65° - 01.09.1967, Blaðsíða 10

65° - 01.09.1967, Blaðsíða 10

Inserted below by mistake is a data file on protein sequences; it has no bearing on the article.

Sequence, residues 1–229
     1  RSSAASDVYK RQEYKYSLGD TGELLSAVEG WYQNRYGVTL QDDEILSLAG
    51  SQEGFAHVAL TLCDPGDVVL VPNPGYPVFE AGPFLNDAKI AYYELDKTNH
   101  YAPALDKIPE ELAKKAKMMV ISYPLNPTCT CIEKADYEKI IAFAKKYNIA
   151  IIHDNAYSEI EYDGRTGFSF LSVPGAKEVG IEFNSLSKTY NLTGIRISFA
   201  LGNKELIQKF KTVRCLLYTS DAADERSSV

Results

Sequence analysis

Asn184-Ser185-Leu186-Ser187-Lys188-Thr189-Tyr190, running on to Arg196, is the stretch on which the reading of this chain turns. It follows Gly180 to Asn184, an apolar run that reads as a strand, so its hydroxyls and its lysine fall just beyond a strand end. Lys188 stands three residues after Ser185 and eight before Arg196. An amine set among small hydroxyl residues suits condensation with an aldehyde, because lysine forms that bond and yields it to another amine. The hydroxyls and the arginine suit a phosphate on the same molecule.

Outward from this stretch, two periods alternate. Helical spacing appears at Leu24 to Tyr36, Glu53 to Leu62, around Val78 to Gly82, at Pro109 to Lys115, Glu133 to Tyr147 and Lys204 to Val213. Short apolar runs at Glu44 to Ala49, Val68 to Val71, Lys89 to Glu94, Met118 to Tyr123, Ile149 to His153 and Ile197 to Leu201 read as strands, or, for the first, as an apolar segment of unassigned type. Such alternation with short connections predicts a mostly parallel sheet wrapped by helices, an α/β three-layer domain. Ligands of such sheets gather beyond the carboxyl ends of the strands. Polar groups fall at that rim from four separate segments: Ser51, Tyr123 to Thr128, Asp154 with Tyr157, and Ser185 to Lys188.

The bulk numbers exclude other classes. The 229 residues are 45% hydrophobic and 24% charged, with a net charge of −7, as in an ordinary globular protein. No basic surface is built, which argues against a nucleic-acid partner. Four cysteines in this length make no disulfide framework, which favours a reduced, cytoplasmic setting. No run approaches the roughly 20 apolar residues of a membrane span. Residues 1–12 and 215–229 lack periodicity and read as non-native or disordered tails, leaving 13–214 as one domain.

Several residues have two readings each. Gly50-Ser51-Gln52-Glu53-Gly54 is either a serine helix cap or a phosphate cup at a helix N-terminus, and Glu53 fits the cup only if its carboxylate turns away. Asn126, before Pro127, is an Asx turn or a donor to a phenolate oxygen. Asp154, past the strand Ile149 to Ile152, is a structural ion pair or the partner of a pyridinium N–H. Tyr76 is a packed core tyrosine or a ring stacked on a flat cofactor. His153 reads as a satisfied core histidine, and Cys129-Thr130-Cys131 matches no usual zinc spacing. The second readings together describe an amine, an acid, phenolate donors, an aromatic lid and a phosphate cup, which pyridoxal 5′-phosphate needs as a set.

from a state such as Minnesota to a post such as this in Iceland. Minnesota was the settlement area of many an immigrant from Northern and Western Europe — The Norwegians, Swedes, Danes, Germans, Irish and Icelanders and Finns came by the thousands — an axiom of Minnesota politics since 1900 has been that a readily identifiable Nordic name in any state-wide election is worth 100,000 votes. Political leaders who don’t have such ready identification such as Vice President Hubert Humphrey and Orville Freeman are always care- ful to point out that they are the grandsons of a Norwegian sea captain or a Swedish logger. Among the most prominent of the Icelandic descendants is the famous Bjomson family — political leaders, newspaper men, historians, ar- tists and authors. They have contributed much to the developing Midwestern states, especially, Minnesota and North Dakota. All this is to point out that it can be by a pro- cess of unconscious procuration that one prepares himself for an assignment to a post such as mine. A combination of heritage, the accident of history, the happen-stance of birth, the assimila- tions of several like cultures, the rough and tumble of political experience, the training ground of command responsibilities and decision making are all helpful in arriving at answers to the ques- tions my wife and I raised that sticky and muggy evening on May 3 in New York awaiting the departure of Pan American’s flight number 76 to Reykjavik. We looked backward on a full and complete life of experience and forward to a new one. Both of us, we discovered later, had in those few hours taken an inventory. — And what have we found? — An enchanting, dynamic, sophisticated and cultured country and people -—- not at all dis- similar in many respects from our own State of Minnesota. Climate wise your summers are cooler than Minnesota but in the winters I’m certain we shall find that the Icelanders’ winter is mild by the standards of Minnesota. Minnesotans can’t claim any lava fields, glaciers or mountains but, on the other hand, we do have over 15,000 lakes and vast areas of forests and wilderness. Minnesotans, like Icelanders, are campers and sport fishermen who love the out-of-doors. Much deeper, however, and of considerably more significance are the people themselves. One detects here similarities in concepts which I strongly believe are the bone and sinew of any democratic society: — an almost militant attachment to egalitarian- ism. — an extraordinary effort to provide for the education of all our people. — a deep and abiding interest in the matters of self-government and full participation in the democratic processes. President Lyndon Johnson put it so well when he welcomed President Asgeir Asgeirsson at the White House last July 18. “.... Iceland and America have a great deal in common. Both were built by pioneers, by men who journeyed into the unknown, across a forbidding sea or an unchar- tered wilderness. Both of our peoples came to find freedom. Both founded nations that today have a long and honored tradition of liberty and justice. ... There is ice in the cold determination of your people to preserve and protect the demo- cratic institutions we all cherish so much. And there is fire -— and a great deal of fire -— always in your support of peace and freedom.” There is another aspect of similarity in history I should like to comment on. My section of America — the area we call “the Upper Midwest” was historically the seat of perhaps the strongest isolationist sentiment to be found in the United States. Our institutions as well as our history are both very young and, paradoxically, quite old. At various times several hundred years ago we have been parts of dominions where the flags of Spain, France and England have flown. — But it was only quite recently when the restless, coura- geous pioneer settler came from Europe pushing ever further West to take up the land that we be- came a state. — My own grandfather, coming from Sogn in Norway traveled west across the then almost uninhabited prairie of Southern Minne- sota by covered wagon and team of oxen. Ten Norwegian families and a lone Irish family made 8 65



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